They're called Film Cameras

But Finn more or less beat me to it.
11-11-2007, 03:16 PM   #7
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QuoteOriginally posted by little laker Quote
I was going to say that Pentax made several Full Frame cameras, which can often be purchased for very little cash.

They're called Film Cameras

But Finn more or less beat me to it.
Don't forget to factor in the cost of film and processing which can be a lot if you shoot a lot.
11-11-2007, 06:51 PM   #8
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Hi SpecialK

QuoteQuote:
Don't forget to factor in the cost of film and processing
Oh my God, I do believe we're starting to slide backwards down the 'slippery slope' again...where's the bl***dy hand-brake gone !

Best regards 'digitally speaking'
Richard


Last edited by Confused; 11-12-2007 at 12:37 PM.
11-12-2007, 07:00 AM   #9
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I think most people here have it right.

If you really only live in the extreme wide angle world, either a different manufacturer, or film is the best option.

I shot that way for almost 4 years, until the extreme wide angles came out for digital. I used the 18-35mm lens that came with my *istD on my PZ-1. It took great shots, and has almost the same field of view on the PZ-1 as the sigma 10-20 when used on either my *istD or K10D.

For some, film might still be an option, because you can get really slow film, (iso 25, iso50 etc).

You can also consider using a film body for the final shots, and do setup etc with a digital body.

processing is not all that bad, and there is a shop near me that will scan your negatives for something lime $1.00 per strip (note here that a strip is any strip, whether it is 4 frames or the whole roll so have the labs process your film but give instructions NOT to cut the negs apart)
11-12-2007, 07:44 AM   #10
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QuoteOriginally posted by Lowell Goudge Quote

processing is not all that bad, and there is a shop near me that will scan your negatives for something lime $1.00 per strip (note here that a strip is any strip, whether it is 4 frames or the whole roll so have the labs process your film but give instructions NOT to cut the negs apart)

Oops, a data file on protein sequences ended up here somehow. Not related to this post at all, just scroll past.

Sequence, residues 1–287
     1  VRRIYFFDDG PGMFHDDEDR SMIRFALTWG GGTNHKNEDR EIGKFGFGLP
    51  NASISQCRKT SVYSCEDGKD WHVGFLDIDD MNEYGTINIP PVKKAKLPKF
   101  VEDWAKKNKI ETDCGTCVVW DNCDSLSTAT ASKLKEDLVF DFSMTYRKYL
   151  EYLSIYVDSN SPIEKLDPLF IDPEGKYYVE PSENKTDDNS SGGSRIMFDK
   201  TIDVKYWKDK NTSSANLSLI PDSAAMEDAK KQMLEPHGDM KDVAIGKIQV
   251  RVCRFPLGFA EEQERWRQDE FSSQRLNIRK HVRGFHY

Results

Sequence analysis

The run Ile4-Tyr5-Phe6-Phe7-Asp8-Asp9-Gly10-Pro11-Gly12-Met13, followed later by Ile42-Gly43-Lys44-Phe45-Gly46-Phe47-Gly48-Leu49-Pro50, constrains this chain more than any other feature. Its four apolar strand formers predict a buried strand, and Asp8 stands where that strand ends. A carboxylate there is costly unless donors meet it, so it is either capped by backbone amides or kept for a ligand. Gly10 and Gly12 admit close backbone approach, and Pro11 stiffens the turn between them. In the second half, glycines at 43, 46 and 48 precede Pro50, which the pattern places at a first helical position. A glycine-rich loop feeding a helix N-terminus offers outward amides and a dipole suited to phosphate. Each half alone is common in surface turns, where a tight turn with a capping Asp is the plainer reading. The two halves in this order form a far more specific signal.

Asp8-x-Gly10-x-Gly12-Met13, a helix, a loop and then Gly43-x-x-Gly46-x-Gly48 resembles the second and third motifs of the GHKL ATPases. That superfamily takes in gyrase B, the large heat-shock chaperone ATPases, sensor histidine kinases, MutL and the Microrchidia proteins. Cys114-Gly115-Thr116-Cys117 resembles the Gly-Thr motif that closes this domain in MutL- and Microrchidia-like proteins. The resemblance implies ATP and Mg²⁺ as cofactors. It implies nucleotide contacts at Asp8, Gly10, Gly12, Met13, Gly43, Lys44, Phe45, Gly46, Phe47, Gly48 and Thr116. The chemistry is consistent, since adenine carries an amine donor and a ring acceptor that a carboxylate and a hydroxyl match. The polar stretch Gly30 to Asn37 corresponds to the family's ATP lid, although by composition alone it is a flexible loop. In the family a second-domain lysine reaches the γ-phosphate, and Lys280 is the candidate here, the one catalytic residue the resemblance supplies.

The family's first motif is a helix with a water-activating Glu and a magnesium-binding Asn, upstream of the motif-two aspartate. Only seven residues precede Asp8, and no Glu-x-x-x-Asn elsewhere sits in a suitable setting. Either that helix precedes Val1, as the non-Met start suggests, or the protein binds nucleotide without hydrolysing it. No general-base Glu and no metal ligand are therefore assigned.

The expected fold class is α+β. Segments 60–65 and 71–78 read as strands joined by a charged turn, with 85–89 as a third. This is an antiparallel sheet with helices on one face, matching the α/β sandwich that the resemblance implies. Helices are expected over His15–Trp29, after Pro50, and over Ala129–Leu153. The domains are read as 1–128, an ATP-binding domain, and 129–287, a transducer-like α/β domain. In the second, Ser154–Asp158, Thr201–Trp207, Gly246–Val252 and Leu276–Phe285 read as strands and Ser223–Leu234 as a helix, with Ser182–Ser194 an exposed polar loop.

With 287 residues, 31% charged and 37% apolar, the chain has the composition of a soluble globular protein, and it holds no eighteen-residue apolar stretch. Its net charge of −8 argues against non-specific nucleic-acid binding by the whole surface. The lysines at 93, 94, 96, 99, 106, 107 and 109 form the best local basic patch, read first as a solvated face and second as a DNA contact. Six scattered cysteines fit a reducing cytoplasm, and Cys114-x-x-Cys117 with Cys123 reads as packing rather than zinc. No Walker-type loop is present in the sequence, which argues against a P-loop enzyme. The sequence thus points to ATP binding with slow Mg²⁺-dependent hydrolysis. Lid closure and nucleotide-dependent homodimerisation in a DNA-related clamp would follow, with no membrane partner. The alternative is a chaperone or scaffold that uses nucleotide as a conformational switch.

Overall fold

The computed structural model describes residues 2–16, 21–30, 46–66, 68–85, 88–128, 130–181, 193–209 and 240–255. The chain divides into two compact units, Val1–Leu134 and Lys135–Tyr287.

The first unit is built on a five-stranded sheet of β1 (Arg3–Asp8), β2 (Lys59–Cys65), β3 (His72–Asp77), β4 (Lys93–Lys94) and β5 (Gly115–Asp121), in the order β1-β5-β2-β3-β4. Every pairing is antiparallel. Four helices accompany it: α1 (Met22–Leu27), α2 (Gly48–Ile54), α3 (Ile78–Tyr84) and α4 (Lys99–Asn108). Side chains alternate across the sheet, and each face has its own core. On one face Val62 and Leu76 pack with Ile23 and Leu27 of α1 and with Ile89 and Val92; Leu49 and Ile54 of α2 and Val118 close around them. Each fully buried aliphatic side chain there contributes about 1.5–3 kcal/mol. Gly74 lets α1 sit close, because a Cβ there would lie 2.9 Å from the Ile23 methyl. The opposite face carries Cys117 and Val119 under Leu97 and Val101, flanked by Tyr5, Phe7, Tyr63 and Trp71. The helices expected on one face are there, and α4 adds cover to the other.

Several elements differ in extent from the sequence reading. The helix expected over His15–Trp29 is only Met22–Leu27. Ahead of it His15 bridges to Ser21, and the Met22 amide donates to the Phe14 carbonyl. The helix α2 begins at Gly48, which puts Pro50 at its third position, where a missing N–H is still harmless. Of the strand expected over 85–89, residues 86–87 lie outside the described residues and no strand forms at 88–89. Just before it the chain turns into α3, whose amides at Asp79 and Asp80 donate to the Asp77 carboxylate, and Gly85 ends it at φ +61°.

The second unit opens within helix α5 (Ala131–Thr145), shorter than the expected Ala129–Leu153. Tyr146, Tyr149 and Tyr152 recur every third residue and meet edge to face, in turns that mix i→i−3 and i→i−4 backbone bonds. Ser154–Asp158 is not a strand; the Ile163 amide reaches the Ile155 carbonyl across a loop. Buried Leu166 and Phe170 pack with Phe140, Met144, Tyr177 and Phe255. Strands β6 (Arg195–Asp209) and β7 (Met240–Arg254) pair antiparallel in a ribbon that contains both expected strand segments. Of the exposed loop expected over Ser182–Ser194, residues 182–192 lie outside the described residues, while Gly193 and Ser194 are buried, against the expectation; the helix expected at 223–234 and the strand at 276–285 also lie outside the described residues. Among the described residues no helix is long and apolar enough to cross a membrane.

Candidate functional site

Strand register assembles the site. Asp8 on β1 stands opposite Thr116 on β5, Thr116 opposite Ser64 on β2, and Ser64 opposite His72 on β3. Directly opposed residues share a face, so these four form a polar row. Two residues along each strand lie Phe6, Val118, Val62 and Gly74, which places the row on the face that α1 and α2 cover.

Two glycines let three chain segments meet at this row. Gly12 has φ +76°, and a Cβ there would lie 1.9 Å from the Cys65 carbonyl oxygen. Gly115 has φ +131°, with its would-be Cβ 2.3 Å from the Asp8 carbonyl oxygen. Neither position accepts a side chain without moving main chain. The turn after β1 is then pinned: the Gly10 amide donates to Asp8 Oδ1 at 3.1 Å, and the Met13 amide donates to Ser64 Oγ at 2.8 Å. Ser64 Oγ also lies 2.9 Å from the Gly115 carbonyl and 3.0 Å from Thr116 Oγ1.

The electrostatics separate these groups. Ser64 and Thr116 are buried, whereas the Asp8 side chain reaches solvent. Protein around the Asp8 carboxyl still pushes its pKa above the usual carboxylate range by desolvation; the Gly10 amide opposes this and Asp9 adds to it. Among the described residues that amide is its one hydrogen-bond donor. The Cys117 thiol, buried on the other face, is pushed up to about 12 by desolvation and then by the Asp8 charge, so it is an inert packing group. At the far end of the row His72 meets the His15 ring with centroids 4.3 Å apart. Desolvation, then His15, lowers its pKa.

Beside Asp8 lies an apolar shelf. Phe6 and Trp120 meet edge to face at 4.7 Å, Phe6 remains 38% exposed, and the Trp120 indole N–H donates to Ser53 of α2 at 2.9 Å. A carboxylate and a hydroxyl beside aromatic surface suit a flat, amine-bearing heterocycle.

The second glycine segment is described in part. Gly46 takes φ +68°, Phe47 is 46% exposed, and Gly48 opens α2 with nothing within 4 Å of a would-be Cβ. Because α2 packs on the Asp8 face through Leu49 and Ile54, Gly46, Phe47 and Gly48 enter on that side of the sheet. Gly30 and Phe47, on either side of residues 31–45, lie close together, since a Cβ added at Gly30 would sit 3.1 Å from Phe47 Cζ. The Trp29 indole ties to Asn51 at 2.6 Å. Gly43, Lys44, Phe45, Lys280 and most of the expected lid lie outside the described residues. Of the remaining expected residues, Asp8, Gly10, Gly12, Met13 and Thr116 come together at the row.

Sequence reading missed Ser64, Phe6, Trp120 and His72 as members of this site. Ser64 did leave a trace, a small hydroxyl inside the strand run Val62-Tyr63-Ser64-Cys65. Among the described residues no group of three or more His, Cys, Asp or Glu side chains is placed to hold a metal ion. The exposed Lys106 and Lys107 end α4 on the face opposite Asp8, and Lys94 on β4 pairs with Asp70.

Sorry for Hijacking the thread, does anybody used ScanCafe for scanning negatives? Are they any good?

@ Lowell, how much do they charge per DVD? (althought being local maybe you are using a flash drive)

Thanks
11-12-2007, 07:57 AM   #11
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QuoteOriginally posted by Gruoso Quote
Sorry for Hijacking the thread, does anybody used ScanCafe for scanning negatives? Are they any good?

@ Lowell, how much do they charge per DVD? (althought being local maybe you are using a flash drive)

Thanks
I think they quoted something like $6.00 for photo CD, plus $1.00 per strip. Obviously all values Canadian.

I have never used the scanning service, as I have my own scanner (Minolta Dimage II. 2880 DPI 40 bit color) and at the time, scanning the neg's was not an issue in terms of my time as I might shoot 4-5 rolls intermixed with a trip where there would be another 500-1000 shots digital at longer focal lengths, however, since I got the Sigma 10-20, I am much more inclined to shoot wide angle, and I like the images I get when I use this lens on my K10D.

As an additional note, most photo finishers can now give you a disk of your photos as they use exclusively digital processing to do prints, BUT, I tried this once and got badly burned, because they gave the images in 600 by 480 pixel format without telling me first this was how they would do them. Be careful if you ask for this option.
11-12-2007, 08:49 AM   #12
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QuoteOriginally posted by Lowell Goudge Quote
As an additional note, most photo finishers can now give you a disk of your photos as they use exclusively digital processing to do prints, BUT, I tried this once and got badly burned, because they gave the images in 600 by 480 pixel format without telling me first this was how they would do them. Be careful if you ask for this option.